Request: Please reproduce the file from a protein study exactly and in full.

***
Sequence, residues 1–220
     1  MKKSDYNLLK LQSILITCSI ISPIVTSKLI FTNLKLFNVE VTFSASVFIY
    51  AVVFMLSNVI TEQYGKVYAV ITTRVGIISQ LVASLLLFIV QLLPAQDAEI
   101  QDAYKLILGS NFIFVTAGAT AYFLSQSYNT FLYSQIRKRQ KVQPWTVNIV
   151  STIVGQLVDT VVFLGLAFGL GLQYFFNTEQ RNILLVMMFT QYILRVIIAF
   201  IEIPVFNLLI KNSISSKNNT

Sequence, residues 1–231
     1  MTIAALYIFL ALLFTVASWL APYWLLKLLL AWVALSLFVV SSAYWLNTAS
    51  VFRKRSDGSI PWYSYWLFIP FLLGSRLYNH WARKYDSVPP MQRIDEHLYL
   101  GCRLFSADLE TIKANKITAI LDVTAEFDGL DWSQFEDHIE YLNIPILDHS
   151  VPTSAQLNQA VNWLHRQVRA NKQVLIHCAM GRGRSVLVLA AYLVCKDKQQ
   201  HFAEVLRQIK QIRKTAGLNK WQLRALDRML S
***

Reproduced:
Sequence, residues 1–220
     1  MKKSDYNLLK LQSILITCSI ISPIVTSKLI FTNLKLFNVE VTFSASVFIY
    51  AVVFMLSNVI TEQYGKVYAV ITTRVGIISQ LVASLLLFIV QLLPAQDAEI
   101  QDAYKLILGS NFIFVTAGAT AYFLSQSYNT FLYSQIRKRQ KVQPWTVNIV
   151  STIVGQLVDT VVFLGLAFGL GLQYFFNTEQ RNILLVMMFT QYILRVIIAF
   201  IEIPVFNLLI KNSISSKNNT

Sequence, residues 1–231
     1  MTIAALYIFL ALLFTVASWL APYWLLKLLL AWVALSLFVV SSAYWLNTAS
    51  VFRKRSDGSI PWYSYWLFIP FLLGSRLYNH WARKYDSVPP MQRIDEHLYL
   101  GCRLFSADLE TIKANKITAI LDVTAEFDGL DWSQFEDHIE YLNIPILDHS
   151  VPTSAQLNQA VNWLHRQVRA NKQVLIHCAM GRGRSVLVLA AYLVCKDKQQ
   201  HFAEVLRQIK QIRKTAGLNK WQLRALDRML S